Date: April 10, 2007
Creator: Walters, T
Partner: UNT Libraries Government Documents Department

Kinetics and Equilibrium Sorption Models: Fitting Plutonium, Strontium, Uranium and Neptunium Loading on Monosodium Titanate (MST)

Description: The Dubinin-Astashov (DA) isotherm parameters for U, Pu, Sr and Np have been updated to include additional data obtained since the original derivation. The DA isotherms were modified to include a kinetic function derived by Rahn to describe sorbate loading from the beginning of sorption up to steady state. The final functions describe both kinetic and thermodynamic sorption.
Date: March 8, 2006
Creator: Fondeur, F
Partner: UNT Libraries Government Documents Department

Novel Anionic Clay Adsorbents for Boiler-Blow Down Waters Reclaim and Reuse

Description: Our goal in this study is to utilize novel anionic clay sorbents for treating and reclaiming/reusing power-plant effluents, in particular, boiler blow-down waters containing heavy metals, such as As and Se. Developing and using novel materials for such application is dictated by the challenge posed by reclaiming and recycling these too-clean-to-clean effluent streams, generated during electricity production, whose contaminant levels are in the ppm/ppb (or even less) trace levels. During the study model blow-down streams have been treated in batch experiments. Adsorption isotherms as a function of pH/temperature have been established for both As and Se. Adsorption rates have also measured as a function of concentration, temperature, pH, and space time. For both the equilibrium and rate measurements, we have studied the As/Se interaction, and competition from background anions. A homogeneous surface diffusion model is used to describe the experimental kinetic data. The estimated diffusivity values are shown to depend on the particle size. On the other hand, a model taking into account the polycrystalline nature of these adsorbent particles, and the presence of an intercrystallite porous region predicts correctly that the surface diffusivity is particle size independent. A mathematical model to describe flow experiments in packed-beds has also been developed during phase I of this project. The goal is to validate this model with flow experiments in packed-beds during the phase II of this project, to determine the adsorption capacity under flow conditions, and to compare it with the capacity estimated from the adsorption isotherms determined from the batch studies.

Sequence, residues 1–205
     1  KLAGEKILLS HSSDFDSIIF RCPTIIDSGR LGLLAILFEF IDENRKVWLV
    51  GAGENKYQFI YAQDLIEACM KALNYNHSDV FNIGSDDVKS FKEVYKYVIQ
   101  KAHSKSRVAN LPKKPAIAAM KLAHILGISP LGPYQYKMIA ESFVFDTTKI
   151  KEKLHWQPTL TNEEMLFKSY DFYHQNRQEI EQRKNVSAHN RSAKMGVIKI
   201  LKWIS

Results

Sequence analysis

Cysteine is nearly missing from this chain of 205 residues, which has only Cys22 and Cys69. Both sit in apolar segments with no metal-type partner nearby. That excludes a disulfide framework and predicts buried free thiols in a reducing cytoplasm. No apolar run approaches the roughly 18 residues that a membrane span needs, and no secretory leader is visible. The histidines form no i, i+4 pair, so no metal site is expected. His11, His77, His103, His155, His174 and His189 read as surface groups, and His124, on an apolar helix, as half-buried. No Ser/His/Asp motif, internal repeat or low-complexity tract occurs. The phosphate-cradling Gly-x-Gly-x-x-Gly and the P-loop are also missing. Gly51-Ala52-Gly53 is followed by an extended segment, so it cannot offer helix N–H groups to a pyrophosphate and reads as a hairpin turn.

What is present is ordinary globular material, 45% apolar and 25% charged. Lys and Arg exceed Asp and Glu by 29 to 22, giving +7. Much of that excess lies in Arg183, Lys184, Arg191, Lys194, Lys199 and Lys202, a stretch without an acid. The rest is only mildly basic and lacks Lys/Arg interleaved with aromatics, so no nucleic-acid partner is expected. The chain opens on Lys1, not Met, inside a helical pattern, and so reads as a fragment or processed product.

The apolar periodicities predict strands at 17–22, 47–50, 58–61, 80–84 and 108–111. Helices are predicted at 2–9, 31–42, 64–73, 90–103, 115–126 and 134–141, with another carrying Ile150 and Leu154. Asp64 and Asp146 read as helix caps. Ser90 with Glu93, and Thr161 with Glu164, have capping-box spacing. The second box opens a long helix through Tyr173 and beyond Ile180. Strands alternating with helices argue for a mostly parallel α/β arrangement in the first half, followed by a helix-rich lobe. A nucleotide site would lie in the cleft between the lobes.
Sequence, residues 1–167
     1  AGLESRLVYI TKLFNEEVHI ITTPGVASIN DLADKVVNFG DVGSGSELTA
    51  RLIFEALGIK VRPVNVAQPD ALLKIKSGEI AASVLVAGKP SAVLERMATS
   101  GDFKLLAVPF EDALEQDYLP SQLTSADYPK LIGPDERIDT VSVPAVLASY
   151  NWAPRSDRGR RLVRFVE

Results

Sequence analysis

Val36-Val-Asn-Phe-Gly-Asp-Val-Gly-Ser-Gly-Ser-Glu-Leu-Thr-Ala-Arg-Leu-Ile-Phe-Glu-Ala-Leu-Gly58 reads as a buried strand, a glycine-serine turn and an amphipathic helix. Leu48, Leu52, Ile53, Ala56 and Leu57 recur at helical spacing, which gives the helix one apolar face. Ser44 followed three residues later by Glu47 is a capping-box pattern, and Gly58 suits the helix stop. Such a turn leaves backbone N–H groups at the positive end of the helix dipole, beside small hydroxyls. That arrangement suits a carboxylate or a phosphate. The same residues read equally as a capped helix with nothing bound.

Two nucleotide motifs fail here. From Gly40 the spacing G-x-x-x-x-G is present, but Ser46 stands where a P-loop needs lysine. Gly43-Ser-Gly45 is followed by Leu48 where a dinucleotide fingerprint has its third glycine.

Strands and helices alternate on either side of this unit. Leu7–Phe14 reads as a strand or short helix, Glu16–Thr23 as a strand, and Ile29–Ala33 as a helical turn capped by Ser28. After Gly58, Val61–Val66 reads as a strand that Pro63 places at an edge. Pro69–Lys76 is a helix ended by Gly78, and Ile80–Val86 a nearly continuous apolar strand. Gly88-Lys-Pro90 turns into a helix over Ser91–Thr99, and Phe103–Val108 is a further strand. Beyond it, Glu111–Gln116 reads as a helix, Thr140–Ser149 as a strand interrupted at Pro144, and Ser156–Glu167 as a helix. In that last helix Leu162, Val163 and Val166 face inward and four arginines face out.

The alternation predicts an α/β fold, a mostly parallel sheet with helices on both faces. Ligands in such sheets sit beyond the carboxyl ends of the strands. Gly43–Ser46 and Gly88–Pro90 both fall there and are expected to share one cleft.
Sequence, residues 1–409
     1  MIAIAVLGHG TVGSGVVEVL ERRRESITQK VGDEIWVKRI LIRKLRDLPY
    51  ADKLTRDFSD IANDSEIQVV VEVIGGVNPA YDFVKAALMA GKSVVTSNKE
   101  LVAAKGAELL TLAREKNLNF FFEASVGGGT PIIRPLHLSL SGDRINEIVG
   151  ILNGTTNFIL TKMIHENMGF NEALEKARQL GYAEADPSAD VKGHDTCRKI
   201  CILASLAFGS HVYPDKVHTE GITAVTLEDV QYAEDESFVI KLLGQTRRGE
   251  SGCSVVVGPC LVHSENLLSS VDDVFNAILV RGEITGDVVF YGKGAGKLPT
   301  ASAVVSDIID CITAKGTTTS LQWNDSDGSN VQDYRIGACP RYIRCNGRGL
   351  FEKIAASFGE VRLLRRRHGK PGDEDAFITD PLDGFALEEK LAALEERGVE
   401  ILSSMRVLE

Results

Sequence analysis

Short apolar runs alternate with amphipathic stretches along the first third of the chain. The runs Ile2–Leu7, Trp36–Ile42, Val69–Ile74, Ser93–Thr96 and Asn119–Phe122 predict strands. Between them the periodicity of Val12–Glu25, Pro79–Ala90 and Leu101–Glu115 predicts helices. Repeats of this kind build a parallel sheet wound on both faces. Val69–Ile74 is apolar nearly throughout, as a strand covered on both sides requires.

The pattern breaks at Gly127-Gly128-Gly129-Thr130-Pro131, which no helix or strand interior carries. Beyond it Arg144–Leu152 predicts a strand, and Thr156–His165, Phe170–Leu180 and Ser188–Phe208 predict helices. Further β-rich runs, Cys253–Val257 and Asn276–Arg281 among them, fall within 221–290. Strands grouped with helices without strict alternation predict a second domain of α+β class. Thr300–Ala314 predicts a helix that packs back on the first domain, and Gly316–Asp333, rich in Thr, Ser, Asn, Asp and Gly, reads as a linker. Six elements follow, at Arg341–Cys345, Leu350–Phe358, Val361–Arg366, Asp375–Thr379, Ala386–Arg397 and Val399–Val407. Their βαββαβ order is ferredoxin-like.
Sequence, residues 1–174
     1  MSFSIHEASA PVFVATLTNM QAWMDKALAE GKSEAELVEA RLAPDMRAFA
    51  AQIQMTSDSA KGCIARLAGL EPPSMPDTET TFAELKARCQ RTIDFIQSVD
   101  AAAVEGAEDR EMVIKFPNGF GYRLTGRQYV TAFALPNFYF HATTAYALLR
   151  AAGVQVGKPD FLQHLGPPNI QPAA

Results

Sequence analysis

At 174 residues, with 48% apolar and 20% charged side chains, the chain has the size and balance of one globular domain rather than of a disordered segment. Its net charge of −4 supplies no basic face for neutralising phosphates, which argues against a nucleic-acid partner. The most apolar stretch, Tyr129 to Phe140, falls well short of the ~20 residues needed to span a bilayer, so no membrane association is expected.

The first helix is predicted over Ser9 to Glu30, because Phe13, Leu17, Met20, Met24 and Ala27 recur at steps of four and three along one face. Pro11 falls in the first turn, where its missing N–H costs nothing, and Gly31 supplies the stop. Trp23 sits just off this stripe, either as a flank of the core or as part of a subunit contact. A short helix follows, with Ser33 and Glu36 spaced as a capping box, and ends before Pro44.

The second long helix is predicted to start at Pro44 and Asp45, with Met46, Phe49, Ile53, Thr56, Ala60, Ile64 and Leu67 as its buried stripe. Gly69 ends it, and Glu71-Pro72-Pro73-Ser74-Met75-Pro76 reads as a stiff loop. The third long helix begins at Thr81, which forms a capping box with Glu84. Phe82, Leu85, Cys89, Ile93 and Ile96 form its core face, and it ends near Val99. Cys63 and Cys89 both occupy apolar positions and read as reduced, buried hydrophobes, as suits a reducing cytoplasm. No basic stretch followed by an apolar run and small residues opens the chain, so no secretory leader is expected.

Date: December 1, 2005
Creator: Sahimi, Muhammad & Tsotsis, Theodore T.
Partner: UNT Libraries Government Documents Department

Design and Evaluation of Ionic Liquids as Novel CO2 Absorbents

Description: Progress from the third quarter 2006 activity on the project ''Design and Evaluation of Ionic Liquids as Novel CO{sub 2} Absorbents'' is provided. Major activities in two areas are reported: property measurement and molecular modeling. We have measured CO{sub 2} solubility in an ammonium lactate ionic liquid. Previous work has shown that the lactate anion enables chemical complexation to occur. We hypothesized that the lactate anion would not be as effective in complexing when paired with an ammonium cation as compared to when it is paired with an imidazolium cation. The results confirm this. We also measured CO{sub 2} solubility in a functionalized ionic liquid containing an amine group. These so-called task specific ionic liquids (TSILs) are expected to have dramatically higher CO{sub 2} solubility than physical absorbents. We report isotherms as well as entropies and enthalpies of absorption for CO{sub 2} in one TSIL. CO{sub 2} solubilities are higher in this compound than in any previous IL we have observed. Finally, we also developed a new simulation method that will enable us to compute full isotherms of gases in ionic liquids. So far, we have tested the method against model systems and found it to be highly effective.
Date: September 30, 2006
Creator: Maginn, Edward J.
Partner: UNT Libraries Government Documents Department

One-dimensional steam flow in porous media under desorption